engineering) action, there is an equal and opposite social reaction.
http://globalnerdy.com/2007/07/18/laws-of-software-development/

William L. Anderson wrote:
 Dear Ben, having just been at SXSW Interactive (I live in Austin, TX) I 
 did not see many discussions that pay attention to security, or any 
 other software engineering oriented concerns, explicitly.
 
 There was a discussion of scalability for web services that featured the 
 developers from digg, Flickr, WordPress, and Media Temple. I got there 
 about half-way through but the discussion with the audience was about 
 tools and methods to handle high traffic loads. There was a question 
 about build and deployment strategies and I asked about unit testing 
 (mixed answers - some love it, some think it's strong-arm micro-mgt (go 
 figure)).
 
 There was a session on OpenID and OAuth (open authorization) standards 
 and implementation. These discussions kind of assume the use of secure 
 transports but since I couldn't stay the whole time I don't know if 
 secure coding was addressed explicitly.
 
 The main developer attendees at SXSW would call themselves designers and 
 I would guess many of them are doing web development in PHP, Ruby, etc. 
 I think the majority of attendees would not classify themselves as 
 software programmers.
 
 To me it seems very much like at craft culture. That doesn't mean that a 
 track on how to develop secure web services wouldn't be popular. In fact 
 it might be worth proposing one for next year.
 
 If you want to talk further, please get in touch.
 
 -Bill Anderson
 praxis101.com
 
 Benjamin Tomhave wrote:
 I had just a quick query for everyone out there, with an attached 
 thought.

 How many security and/or secure coding professionals are prevalently
 involved with the SXSW conference this week? I know, I know... it's a big
 party for developers - particularly the Web 2.0 clique - but I'm just
 curious.

 Here's why: I'm increasingly frustrated by the disconnect between
 business/dev and security. I don't feel like we're being largely
 successful in getting the business and developers to include security as
 part of their standard operating procedures. Developers are still
 oftentimes lazy and sloppy, creating XSS and CSRF and SQL injection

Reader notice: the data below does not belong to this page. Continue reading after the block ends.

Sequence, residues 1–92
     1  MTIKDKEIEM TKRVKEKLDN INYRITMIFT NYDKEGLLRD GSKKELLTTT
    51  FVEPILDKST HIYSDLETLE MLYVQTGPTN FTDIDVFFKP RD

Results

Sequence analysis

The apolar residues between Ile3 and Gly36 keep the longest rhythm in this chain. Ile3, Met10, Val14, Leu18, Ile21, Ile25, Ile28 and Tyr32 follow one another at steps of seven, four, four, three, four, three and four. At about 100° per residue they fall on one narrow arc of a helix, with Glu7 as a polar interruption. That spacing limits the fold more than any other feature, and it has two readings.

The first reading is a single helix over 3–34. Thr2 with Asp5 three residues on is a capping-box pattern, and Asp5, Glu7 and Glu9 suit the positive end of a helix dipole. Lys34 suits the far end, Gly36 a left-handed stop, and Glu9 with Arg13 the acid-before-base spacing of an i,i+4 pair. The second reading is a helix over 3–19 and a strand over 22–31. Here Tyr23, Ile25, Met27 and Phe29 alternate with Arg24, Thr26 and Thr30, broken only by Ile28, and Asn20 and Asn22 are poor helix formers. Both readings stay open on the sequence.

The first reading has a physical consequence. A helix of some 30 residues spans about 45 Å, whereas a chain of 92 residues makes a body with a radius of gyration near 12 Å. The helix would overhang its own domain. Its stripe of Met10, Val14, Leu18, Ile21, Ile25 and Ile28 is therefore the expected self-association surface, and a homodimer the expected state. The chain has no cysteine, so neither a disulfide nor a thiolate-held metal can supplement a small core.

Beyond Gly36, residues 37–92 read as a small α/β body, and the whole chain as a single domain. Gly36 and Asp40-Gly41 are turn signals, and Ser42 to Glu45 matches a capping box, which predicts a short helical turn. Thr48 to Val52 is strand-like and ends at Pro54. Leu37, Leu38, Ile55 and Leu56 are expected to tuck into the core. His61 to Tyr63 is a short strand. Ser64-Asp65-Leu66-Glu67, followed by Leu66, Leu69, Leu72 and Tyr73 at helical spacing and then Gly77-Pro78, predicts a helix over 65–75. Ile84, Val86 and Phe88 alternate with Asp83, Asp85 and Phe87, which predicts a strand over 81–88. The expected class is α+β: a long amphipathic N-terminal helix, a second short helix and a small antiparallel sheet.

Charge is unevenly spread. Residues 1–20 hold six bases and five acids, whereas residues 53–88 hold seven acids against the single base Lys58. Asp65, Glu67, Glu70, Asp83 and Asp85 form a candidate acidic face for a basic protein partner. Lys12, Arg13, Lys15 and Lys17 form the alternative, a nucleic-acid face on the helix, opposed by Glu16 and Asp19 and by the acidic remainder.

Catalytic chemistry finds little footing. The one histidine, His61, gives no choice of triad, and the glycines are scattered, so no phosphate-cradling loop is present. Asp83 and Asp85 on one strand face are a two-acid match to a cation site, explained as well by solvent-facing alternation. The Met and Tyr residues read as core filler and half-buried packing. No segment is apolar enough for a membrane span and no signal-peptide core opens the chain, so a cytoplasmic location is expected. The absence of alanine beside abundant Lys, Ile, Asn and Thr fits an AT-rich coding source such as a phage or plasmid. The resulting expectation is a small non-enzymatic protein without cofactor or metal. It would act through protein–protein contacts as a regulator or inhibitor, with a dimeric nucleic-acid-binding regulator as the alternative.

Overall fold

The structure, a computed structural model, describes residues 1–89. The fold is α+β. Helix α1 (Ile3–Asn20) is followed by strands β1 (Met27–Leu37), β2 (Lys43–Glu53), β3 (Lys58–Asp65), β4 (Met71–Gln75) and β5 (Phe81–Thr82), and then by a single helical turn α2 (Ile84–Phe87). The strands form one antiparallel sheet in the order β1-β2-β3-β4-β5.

holes.

 I then look at SXSW from afar and think: a) shouldn't I be there
 evangelizing security? and, b) shouldn't a major thread to all these
 conferences be about how security is integrating with dev processes and
 practices, making it better?

 Maybe I'm just too idealist. I'm curious what everyone else thinks.

 cheers,

 -ben

 
 

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Re: [SC-L] quick question - SXSW

2008-03-12 Thread Andy Steingruebl
On Tue, Mar 11, 2008 at 6:43 AM, Benjamin Tomhave
[EMAIL PROTECTED] wrote:
 I had just a quick query for everyone out there, with an attached thought.

  How many security and/or secure coding professionals are prevalently
  involved with the SXSW conference this week? I know, I know... it's a big
  party for developers - particularly the Web 2.0 clique - but I'm just
  curious.


On a related note a quick perusal of the JavaOne conference tracks
doesn't show a lot of content in this area either.  Is this due to a
lack of interest, or people in the security world not pitching talks
to the development conference organizer?

-- 
Andy Steingruebl
[EMAIL PROTECTED]
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Re: [SC-L] quick question - SXSW

2008-03-12 Thread Kenneth Van Wyk

Ben,

Your point is a good one -- the software security community needs to  
be vigilant in reaching out to developers and spreading the word.


FWIW, some dev conferences have done this.  I spoke at SD West in  
2006, and there was a significant security track there.  Still, it'd  
be great to see that sort of thing at more dev-specific conferences.


Cheers,

Ken van Wyk
SC-L Moderator

On Mar 12, 2008, at 5:31 PM, Benjamin Tomhave wrote:

First, thanks for that Bill, it exemplifies my point perfectly. A  
couple

thoughts...

one, targeting designers is just as important as reaching out to the
developers themselves... if the designers can ensure that security
requirements are incorporated from the outset, then we receive an  
added

benefit...

two, a re-phrasing around my original thought... somehow we need to  
get
security thinking and considerations encoded into the DNA of  
everyone in

the business, whether they be designers, architects, coders, analysts,
PMs, sysadmins, etc, etc, etc. Every one of those topics you mention